What you need to know
- A developer managed to activate the timelapse feature on the Google Earth app.
- The feature has already been available on the web version of Google Earth.
- Users interested in activating the feature will need to root their smartphones.
Google Earth launched a neat timelapse feature in 2016 that allows viewers to peer into the past using collected satellite imagery. Using more than 5 million images, Google Earth shifts from the past to the present, providing a unique look at our planet from as far back as 1984. When it launched, the feature was made available on the web and mobile browsers. The mobile app, which is available even on the best cheap Android phones like the Moto G Power, did not get the same love the feature has not officially rolled out. Still, a developer reportedly managed to get it working.
A developer by the name of Kyler brought his effort to the attention of Android Police. Apparently, the feature has been hidden within the Android app, and he managed to activate it through some experimental settings.
#google earth for #android. Here's what #SanFrancisco looked like in 1938! I enabled some experimental settings and exposed Time Machine :)
RT this? pic.twitter.com/2O5aCYuN9z#google earth for #android. Here's what #SanFrancisco looked like in 1938! I enabled some experimental settings and exposed Time Machine :)
RT this? pic.twitter.com/2O5aCYuN9z— Kyler (@Developerrr_) March 11, 2021March 11, 2021
As seen in the image, the feature appears to be fairly fleshed out, so it's unclear why Google hasn't enabled it within the app. The app's interface also differs from that of the browser version, with a slider and arrow buttons to let you sift through different years. It also appears to let users get a closer top-view look at cities with a much clearer image while also showing what appears to be San Francisco in 1938, much farther back than what the Timelapse feature can achieve now. There's also a 3D button and street view button, which indicates that Google has some neat features planned for this release, perhaps allowing users to get an up-close look at cities in the past.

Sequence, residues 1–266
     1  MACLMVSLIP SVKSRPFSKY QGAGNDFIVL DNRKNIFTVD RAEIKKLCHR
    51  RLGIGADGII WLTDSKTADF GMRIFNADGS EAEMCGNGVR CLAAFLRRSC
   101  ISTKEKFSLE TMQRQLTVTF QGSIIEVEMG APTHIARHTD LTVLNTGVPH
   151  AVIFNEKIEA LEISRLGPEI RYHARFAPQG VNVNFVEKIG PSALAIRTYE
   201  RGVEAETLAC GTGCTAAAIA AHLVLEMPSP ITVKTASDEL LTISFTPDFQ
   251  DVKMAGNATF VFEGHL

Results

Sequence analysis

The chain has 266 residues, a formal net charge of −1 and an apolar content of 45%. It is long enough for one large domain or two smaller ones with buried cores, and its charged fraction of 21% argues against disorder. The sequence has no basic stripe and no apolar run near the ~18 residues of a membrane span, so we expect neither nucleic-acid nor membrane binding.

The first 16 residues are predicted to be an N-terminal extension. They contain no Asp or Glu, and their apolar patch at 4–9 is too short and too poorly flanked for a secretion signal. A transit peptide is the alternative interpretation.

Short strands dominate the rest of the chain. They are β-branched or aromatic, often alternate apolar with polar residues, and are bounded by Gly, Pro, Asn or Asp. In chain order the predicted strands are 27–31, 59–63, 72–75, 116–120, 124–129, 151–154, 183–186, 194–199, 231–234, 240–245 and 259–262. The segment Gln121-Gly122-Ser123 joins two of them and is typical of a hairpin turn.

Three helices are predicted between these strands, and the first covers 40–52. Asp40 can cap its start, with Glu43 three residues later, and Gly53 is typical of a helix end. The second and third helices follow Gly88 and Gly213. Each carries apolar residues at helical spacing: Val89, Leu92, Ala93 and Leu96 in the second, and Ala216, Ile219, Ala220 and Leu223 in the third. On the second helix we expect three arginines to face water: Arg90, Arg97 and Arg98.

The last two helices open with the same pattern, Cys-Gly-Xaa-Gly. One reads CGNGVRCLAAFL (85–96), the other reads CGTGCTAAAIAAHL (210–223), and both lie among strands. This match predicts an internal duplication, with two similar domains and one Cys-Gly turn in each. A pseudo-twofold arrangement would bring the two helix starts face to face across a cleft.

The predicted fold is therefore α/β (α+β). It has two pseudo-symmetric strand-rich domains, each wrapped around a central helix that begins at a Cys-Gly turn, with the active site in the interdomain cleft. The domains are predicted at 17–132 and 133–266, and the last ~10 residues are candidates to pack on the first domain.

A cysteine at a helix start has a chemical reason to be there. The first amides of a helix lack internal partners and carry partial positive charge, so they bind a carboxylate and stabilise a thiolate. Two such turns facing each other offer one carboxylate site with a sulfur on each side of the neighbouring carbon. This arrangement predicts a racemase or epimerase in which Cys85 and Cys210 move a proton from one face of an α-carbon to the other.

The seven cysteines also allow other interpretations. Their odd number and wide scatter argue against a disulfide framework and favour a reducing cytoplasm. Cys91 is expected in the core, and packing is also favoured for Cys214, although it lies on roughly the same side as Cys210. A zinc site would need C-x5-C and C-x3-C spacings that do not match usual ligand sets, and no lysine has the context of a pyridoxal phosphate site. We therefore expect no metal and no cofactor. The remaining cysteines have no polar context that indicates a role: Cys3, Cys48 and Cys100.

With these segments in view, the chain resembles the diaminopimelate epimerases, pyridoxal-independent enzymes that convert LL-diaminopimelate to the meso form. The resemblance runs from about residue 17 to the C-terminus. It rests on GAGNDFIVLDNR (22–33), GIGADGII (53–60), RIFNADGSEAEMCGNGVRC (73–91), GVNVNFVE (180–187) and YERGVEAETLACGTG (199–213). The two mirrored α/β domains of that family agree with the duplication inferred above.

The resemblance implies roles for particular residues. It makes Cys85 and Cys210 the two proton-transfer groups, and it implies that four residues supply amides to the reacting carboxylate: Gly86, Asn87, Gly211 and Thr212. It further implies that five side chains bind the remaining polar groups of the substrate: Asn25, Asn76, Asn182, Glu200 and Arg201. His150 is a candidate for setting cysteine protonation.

For now, the feature remains hidden within the Android app, but the developer has shared instructions on how to make it work. Unfortunately, users interested in trying it out will have to root their devices, so try this at your own risk. If tinkering is your thing, you can check out the best phones for rooting and modding.
Derrek is a long-time Nokia and LG fanboy who loves astronomy, videography, and sci-fi movies. When he's not working, he's most likely working out or smoldering at the camera.
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